Well, yesterday I was gushing over how well the mega-moon and Saturn turned out in JPEG on a bridge camera. And that was a fair gush. It really is a bit of a treat to see a small camera make a big image.
But I know that there is more to be got from consumer-grade equipment. And of course today is the actual perigee moon, which also coincides with a real full moon. Yesterday, there was a slight terminator visible, which made some craters at the very edge of the moon stand out nicely. Today, there is no terminator and we have only a slight hint of visible craters.
But, there is more detail and clarity on these two shots than on the HS25 shots. And indeed, I managed to capture the best images of both bodies that I ever have, and that includes shooting with the 300 f/4 AFS. Boy, do I wish I had that lens and the TC17e around to play with now ….
Anyway, this moon turned out huge because of the massive magnification. We have 300mm times 2 for the Kenko, and then times 1.5 for the APS-C crop factor. Which gives 900mm effective focal length. That’s longer than many smaller telescopes.
And this moon shows it. In my opinion, anyway.
Since we understand that the moon is lit by the sun, it is obvious that I underexposed the moon by at least a full stop here. But that’s not all that damaging on this sensor at 100 ISO. The dynamic range in the shadows is staggering, and so this is an excellent trade for shutter speed and sharpness.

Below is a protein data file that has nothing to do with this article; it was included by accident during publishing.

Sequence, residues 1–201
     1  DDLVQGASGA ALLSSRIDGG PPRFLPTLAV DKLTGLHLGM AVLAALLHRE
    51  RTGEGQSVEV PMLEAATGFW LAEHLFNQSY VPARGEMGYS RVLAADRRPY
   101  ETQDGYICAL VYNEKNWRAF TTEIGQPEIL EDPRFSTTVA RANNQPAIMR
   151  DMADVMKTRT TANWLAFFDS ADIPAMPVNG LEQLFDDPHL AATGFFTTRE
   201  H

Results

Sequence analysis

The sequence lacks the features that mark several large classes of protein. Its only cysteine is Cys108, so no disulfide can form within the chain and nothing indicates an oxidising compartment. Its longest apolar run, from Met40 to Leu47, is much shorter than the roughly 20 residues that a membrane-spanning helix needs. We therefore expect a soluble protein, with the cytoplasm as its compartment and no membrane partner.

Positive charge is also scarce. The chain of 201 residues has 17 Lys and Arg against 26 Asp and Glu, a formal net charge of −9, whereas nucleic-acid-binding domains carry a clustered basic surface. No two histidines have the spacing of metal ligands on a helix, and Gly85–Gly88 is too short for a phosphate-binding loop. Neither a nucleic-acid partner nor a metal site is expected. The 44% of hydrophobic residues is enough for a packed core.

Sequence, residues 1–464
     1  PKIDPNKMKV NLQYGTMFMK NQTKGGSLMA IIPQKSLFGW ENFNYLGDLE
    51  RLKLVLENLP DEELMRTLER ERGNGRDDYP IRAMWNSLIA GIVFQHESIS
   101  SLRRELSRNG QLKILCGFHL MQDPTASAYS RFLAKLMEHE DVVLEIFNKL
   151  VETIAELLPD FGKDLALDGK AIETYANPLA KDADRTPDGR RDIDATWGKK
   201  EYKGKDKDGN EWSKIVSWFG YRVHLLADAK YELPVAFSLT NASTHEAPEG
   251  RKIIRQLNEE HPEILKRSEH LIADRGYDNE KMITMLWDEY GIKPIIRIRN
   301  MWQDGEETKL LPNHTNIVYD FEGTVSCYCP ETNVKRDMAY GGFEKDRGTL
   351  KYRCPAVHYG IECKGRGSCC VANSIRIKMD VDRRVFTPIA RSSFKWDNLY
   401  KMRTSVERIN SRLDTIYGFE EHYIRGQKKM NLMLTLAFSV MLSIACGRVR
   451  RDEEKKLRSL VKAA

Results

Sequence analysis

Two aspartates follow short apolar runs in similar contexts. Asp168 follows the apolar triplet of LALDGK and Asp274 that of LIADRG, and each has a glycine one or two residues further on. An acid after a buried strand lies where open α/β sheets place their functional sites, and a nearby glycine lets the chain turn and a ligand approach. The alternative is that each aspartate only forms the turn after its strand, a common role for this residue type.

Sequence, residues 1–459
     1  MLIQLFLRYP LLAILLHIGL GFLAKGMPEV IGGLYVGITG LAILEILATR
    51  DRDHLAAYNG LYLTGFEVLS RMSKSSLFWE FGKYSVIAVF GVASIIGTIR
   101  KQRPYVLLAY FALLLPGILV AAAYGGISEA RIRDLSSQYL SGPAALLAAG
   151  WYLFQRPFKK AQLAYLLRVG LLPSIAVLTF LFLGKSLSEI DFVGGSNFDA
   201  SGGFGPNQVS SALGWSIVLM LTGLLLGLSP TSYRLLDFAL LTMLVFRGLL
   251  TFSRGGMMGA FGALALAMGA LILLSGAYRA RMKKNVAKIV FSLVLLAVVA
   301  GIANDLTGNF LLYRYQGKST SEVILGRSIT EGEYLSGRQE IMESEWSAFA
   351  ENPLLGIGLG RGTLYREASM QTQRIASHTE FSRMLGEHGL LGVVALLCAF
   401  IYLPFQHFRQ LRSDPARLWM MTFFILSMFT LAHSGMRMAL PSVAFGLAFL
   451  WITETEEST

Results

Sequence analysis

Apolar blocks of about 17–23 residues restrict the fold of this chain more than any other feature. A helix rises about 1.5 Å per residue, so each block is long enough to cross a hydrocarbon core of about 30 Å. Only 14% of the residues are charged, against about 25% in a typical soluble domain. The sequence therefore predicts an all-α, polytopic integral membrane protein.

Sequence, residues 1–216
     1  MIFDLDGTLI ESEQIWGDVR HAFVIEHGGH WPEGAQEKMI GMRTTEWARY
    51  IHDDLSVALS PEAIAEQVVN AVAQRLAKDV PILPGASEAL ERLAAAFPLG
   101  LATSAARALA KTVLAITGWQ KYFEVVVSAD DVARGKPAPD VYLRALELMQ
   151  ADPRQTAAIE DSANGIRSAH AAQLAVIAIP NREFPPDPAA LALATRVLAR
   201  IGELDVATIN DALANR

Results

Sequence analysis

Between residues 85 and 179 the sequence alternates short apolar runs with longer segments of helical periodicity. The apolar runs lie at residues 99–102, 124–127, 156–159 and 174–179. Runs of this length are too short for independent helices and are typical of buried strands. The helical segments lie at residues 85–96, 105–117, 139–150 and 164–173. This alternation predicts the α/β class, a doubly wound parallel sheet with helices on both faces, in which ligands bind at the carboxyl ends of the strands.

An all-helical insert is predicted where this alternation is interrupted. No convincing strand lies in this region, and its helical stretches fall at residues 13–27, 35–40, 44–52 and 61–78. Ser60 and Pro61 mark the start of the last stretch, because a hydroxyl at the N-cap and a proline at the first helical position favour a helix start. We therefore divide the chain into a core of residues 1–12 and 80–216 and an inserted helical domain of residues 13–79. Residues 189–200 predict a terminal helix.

Consider clicking on the image to launch it into a browser to see the 800px version. Wow.
And then there was Saturn. Again.
So why bother shooting Saturn again? I’ve done it to death, no? Well, no. In fact, I get better images every time I shoot it. I experiment and refine my exposures to balance the noise at higher ISO against the noise I would get by pulling up an underexposed image. I might underexpose to increase shutter speed or to lower ISO. Either might benefit me. Anyway, you get my drift. I always start with the settings from my last venture and experiment from there.
This Saturn image is by far my best ever. There is color, there is ring separation and there is 3-dimensionality on the planet itself. It really looks like Saturn. This image is somewhat magnified using bicubic automatic mode in CS6, but it looks good right from the get-go.
D7000 + 70-300VR + Kenko 2x TC 2500iso f/13 (f/25 effective) 1/25
That looks a lot like images shots with proper equipment and tracking. Gotta love that D7000.
What is interesting about these results is that I was not really able to get here by playing with dSLRs alone. By trying these shots (and succeeding at times) with small sensors, I forced myself to shoot these subjects fairly often, and with settings that are not obvious with larger sensors.
And that has made all the difference. The learning curve requires thinking outside the box, and small sensors still force one to do that. They are getting much, much better over time. But they still have a lot of limitations, so your skills must compensate.
So this was a fun two days. I suppose I will have to take a shot with the fancy shmancy “intelligent zoom” on the HS25 next …